Amazon's (AMZN -1.35%) stock price tumbled 13% during after-hours trading on Thursday, Oct. 27, after the e-commerce and cloud giant posted its third-quarter earnings report. Its revenue rose 15% year over year (and grew 19% in constant currency terms) to $127.1 billion, but that total missed analysts' estimates by $370 million. Its net income fell 9% to $2.9 billion, or $0.28 per share, which still cleared the consensus forecast by seven cents.

Amazon's numbers weren't terrible, but is its stock worth buying in this rough market for tech stocks? Let's review what the bears and bulls likely saw in Amazon's latest report.

An Amazon driver reviews a delivery.

Image source: Getty Images.

What the bears saw in Amazon's report

The bears will note that Amazon expects its revenue to rise just 2% to 8% year over year in the fourth quarter. That midpoint of that forecast implies its revenue will grow 8% for the full year, compared to its 22% growth in 2021.

During the conference call, CFO Brian Olsavsky blamed that slowdown on the "continuing impacts of broad-scale inflation, heightened fuel prices, and rising energy costs" on consumer spending, as well as the "increased foreign currency headwinds" from a strong dollar.

The bears will also remind investors that Amazon usually subsidizes the growth of its lower-margin e-commerce business with Amazon Web Services' (AWS) higher-margin cloud revenue. But over the past year, AWS' revenue growth has cooled off and its operating margins have declined.

Metric

Q3 2022

Q2 2022

Q1 2022

Q4 2021

Q3 2021

AWS sales growth

27%

33%

37%

40%

39%

AWS operating margin

26%

29%

35%

30%

30%

Data source: Amazon. YOY = Year over year.

Macro headwinds are causing many companies to curb their spending on big cloud deals. Currency headwinds, which reduced AWS' reported revenue growth by a percentage point in the third quarter, will also exacerbate that pressure as the U.S. dollar continues to strengthen.

AWS is still the largest cloud infrastructure platform in the world, but it faces fierce competition from Microsoft's Azure and Alphabet's Google Cloud, which both generated stronger growth than AWS in their latest quarters. That pressure is likely limiting AWS' pricing power and squeezing its margins.

It wouldn't be that troubling if AWS were still firing on all cylinders as its e-commerce business faced a cyclical slowdown. But both segments are now grappling with slower growth as they ramp up their spending, and that pressure has compressed Amazon's operating margins over the past year.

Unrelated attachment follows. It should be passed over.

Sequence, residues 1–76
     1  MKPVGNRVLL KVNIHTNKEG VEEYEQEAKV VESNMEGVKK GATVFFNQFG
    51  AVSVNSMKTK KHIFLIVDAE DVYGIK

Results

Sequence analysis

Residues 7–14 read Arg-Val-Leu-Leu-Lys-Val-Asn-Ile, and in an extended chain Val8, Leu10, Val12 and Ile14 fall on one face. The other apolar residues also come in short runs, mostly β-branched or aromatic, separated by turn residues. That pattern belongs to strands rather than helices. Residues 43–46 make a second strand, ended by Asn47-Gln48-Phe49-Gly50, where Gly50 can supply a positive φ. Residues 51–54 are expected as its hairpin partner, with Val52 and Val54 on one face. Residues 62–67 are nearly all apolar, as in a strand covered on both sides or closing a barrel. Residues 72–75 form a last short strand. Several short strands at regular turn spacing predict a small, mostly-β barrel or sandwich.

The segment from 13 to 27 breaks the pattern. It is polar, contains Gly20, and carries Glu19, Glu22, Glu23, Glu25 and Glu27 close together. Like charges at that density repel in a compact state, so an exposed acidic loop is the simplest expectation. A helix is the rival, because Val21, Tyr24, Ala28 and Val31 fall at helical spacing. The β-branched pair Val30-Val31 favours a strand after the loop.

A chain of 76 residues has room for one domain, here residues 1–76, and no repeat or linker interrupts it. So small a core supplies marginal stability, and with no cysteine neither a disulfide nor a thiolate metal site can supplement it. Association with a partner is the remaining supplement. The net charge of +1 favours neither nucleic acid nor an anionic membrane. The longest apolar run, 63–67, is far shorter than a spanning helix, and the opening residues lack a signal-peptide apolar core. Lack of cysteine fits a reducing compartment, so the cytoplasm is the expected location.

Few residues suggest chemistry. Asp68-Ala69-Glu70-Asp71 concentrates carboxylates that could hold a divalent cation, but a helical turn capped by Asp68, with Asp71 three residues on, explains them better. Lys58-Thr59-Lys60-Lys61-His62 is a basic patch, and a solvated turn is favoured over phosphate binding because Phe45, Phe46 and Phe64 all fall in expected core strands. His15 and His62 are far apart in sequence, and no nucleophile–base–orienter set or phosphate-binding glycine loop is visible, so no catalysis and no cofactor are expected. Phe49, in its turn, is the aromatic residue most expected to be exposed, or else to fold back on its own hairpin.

Metric

Q3 2022

Q2 2022

Q1 2022

Q4 2021

Q3 2021

Operating margin

2%

2.7%

3.2%

2.5%

4.4%

Data source: Amazon. YOY = Year over year.

For the fourth quarter, Amazon expects its operating margin to slip to a midpoint of just 1.4%, which implies its full-year operating margin could decline from 5.3% in 2021 to approximately 2.3% in 2022.

The bears believe that toxic mix of slowing growth, shrinking margins, and tough macro headwinds make Amazon an unappealing investment. The stock also isn't cheap at 43 times next year's earnings.

What the bulls saw in Amazon's report

The bulls will point out that Amazon's results look a lot better on a constant currency basis. It expects the currency headwinds to reduce its full-year revenue by 460 basis points, which implies its top line will actually grow about 7% to 13% year over year in constant currency terms in Q4.

Those currency headwinds are also curbing its international sales, which declined 5% year over year to $27.7 billion on a reported basis in Q3. But in constant currency terms, its international sales actually rose 12%. Its North American sales also increased 20% year over year to $78.8 billion, which indicates its core U.S. market remains resilient.

That resilience can be attributed to Amazon Prime, which surpassed 200 million paid members globally last year. About 150 million of those subscribers are in the U.S., and the stickiness of that ecosystem -- which offers exclusive discounts, access to digital media services, and other perks -- widens its moat against other retailers. Its sales on this year's Prime Day (which occurred in late July) also contributed approximately 400 basis points to Amazon's Q3 sales growth.

As for AWS, it should remain ahead of Azure or Google Cloud even as its growth cools off. Canalys estimates that AWS still controlled 31% of the global cloud infrastructure market in the second quarter of 2022, compared to a 24% share for Azure and an 8% slice for Google. AWS is also the only one of the big three cloud platforms which is firmly profitable.

Last but not least, Amazon's advertising revenue rose 30% year over year in constant currency terms to $9.55 billion, accelerating from its 21% growth in Q2 even as the broader digital ad market slowed down. The robust growth of that higher-margin segment could gradually reduce Amazon's dependence on AWS.

Which thesis makes more sense?

The bulls believe Amazon's business will stabilize again after the macroeconomic headwinds finally dissipate. That might be true, but I think the bears will remain in control until that happens -- and Amazon still isn't cheap enough to be considered a value stock in this difficult market.